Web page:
Portraying Love Honestly: Where ‘P.S. I Love You’ Succeeds and Stumbles

Love is probably the most common theme in media, and I do mean all mediums. Movies, books, sonnets, music, tattoos, documentaries, children’s drawings, slideshows, art exhibits — you name it, and there will be a plethora of material attempting to portray love. I remember a Sandwich Artist at Subway telling me how her tattoo of what looked like a 16-bit RPG sprite was actually her wedding ring. The character in the tattoo was holding a big sack that started at the woman’s forearm and wrapped around her finger. Pain and permanent ink, how’s that for love? I don’t think I can come up with a better analogy.

Though, what is love? What are its quantitative and qualitative features? Are there different types of love, different amounts? Is love different throughout cultures, or are there certain traits found around the globe? Can love exist without your being aware it’s there?

Furthermore, every story about love is slanted, no matter how much the writer aims for neutrality. There is no fair and balanced reporting when it comes to passion and feelings. The existence of the story itself tells the reader that the topic being discussed is worth paying attention to. As the saying goes, “the news doesn’t tell you what to think, it tells you what to think about.”Anyone talking about actual love will have a lot to say about the topic, since sentiment can never be fully removed.

However, with real love comes the full gamut of emotions. Rage occasionally pops up in long-term relationships. Strong feelings can turn into strong irritants. Starting off as fat and content in your relationship can devolve into your being bloated with contempt for short periods, then returning to content. The full story is what’s intriguing.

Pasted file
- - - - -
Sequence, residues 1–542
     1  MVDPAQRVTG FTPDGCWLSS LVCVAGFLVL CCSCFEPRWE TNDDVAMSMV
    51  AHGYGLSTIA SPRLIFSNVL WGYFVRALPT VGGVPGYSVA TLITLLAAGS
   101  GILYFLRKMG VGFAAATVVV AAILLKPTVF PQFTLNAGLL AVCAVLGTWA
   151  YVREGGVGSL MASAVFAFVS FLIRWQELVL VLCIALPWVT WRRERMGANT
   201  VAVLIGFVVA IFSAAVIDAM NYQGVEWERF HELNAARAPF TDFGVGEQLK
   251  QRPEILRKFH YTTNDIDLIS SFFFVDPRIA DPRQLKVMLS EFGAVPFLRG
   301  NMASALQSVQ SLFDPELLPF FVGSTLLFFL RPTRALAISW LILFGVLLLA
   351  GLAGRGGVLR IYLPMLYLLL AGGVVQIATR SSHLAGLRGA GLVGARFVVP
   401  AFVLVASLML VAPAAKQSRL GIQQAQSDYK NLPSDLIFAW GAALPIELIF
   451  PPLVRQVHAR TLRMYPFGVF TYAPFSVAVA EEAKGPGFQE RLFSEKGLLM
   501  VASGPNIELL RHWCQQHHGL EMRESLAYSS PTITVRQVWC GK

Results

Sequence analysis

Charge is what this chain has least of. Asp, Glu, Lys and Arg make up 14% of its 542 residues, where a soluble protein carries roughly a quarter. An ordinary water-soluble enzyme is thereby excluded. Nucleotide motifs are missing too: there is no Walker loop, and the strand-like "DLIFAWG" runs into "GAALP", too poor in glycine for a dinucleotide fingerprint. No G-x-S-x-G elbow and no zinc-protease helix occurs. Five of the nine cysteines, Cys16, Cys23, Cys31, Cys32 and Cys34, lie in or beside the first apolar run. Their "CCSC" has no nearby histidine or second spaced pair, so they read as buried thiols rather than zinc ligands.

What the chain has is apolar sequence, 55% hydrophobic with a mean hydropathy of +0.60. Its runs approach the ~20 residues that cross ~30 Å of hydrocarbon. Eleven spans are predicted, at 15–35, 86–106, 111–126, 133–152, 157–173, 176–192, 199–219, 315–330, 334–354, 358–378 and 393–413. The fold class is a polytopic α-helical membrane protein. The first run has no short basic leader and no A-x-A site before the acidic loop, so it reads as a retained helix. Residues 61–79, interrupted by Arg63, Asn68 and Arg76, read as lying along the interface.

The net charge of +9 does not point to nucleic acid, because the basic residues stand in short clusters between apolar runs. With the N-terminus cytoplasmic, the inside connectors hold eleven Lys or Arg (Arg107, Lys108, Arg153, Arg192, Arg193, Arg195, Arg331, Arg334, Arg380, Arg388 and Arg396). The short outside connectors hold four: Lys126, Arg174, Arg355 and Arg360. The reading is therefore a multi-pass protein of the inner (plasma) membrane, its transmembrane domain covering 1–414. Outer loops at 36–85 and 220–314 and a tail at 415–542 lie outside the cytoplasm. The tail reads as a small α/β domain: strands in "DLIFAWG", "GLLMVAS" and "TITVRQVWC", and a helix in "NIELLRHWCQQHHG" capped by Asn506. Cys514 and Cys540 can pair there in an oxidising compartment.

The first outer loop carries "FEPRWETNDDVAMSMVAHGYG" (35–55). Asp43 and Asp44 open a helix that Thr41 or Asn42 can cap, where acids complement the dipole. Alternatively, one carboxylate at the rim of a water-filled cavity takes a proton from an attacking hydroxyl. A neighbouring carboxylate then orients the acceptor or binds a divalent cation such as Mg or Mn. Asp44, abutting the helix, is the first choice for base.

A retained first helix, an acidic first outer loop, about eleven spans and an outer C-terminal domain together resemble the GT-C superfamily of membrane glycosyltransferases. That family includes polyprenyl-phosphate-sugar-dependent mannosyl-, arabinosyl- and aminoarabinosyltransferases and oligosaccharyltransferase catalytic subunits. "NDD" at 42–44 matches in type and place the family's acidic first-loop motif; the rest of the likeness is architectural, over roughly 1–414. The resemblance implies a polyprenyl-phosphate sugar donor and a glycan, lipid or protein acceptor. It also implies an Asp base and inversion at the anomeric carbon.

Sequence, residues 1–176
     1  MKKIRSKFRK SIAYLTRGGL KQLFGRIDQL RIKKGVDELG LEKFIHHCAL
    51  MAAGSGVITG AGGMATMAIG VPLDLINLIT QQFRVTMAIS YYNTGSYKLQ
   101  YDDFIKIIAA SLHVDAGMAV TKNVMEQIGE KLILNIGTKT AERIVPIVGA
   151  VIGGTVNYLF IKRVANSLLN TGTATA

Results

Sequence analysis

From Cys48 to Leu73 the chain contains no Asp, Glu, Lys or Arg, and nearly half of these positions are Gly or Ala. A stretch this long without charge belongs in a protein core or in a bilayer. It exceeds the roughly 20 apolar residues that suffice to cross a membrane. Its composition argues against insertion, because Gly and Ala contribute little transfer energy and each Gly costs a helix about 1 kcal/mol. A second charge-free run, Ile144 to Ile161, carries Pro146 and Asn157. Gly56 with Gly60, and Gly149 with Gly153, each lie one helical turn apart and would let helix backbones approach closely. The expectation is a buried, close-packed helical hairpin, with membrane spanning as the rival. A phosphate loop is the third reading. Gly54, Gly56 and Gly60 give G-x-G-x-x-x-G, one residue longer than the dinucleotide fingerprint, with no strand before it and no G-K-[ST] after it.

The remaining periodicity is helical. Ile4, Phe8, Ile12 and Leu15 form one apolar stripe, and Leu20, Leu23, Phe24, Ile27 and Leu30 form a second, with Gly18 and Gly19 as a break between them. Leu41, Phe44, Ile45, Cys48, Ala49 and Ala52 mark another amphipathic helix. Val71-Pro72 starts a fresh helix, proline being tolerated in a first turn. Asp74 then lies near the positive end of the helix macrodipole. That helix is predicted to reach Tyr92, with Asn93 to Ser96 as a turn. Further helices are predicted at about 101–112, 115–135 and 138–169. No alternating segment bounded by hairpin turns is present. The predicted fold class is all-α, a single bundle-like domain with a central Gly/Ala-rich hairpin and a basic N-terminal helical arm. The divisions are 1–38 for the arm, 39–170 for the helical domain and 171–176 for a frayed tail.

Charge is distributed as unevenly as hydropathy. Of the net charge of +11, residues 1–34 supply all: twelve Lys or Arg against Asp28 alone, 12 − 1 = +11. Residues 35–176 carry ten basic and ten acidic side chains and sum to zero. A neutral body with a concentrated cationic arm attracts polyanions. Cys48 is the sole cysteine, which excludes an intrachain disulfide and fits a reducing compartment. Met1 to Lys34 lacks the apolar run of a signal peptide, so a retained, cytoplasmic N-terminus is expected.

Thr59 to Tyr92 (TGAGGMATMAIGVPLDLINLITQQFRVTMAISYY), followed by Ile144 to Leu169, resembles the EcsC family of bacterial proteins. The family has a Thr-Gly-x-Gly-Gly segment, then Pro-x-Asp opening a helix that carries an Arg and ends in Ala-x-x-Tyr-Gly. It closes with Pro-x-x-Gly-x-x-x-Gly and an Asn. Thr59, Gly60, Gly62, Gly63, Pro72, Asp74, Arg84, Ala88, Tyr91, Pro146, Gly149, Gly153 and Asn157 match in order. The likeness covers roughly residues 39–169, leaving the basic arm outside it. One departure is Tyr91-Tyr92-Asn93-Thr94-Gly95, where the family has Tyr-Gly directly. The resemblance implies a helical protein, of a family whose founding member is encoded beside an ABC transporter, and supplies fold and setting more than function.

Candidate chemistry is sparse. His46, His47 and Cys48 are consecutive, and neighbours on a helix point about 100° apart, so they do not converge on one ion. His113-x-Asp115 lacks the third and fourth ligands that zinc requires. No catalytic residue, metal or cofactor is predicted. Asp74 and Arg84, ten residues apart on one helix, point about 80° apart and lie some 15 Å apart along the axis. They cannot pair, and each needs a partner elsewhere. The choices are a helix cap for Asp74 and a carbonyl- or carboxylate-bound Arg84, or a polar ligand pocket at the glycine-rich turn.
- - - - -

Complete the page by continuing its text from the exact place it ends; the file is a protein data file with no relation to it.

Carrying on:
No doubt, a major component of love is the relationship in which it exists. The features of it include: how you treat one another; how you feel about one another; how you function as a team versus how you function, think, and feel as an independent person; why you continue to be together and why you chose this one person out of everyone on the planet.

Now that I’ve destroyed romance with critical analysis, let’s discuss the romantic tragicomedy, or dramedy, or rom-com-dram, P.S. I Love You. The film is named after either the eponymous Bette Midler or Beatles song, more on that in a minute, and based off of a book written by then 21-year-old Irish author, Cecelia Ahern.

P.S. I Love You is about a young widow, Holly, who loses her husband, Gerry, to cancer. Gerry, however, has left a series of letters for Holly, helping her through the stages of grief — denial, anger, bargaining, depression and acceptance, or DABDA — and allowing her to come to terms with his death. Gerry shows Holly, from beyond the grave, that he remains in her heart, and eases her into a new stage of her life, one without him. Through the biggest storm of her life, Holly has a beacon in the distance, and that is where love is.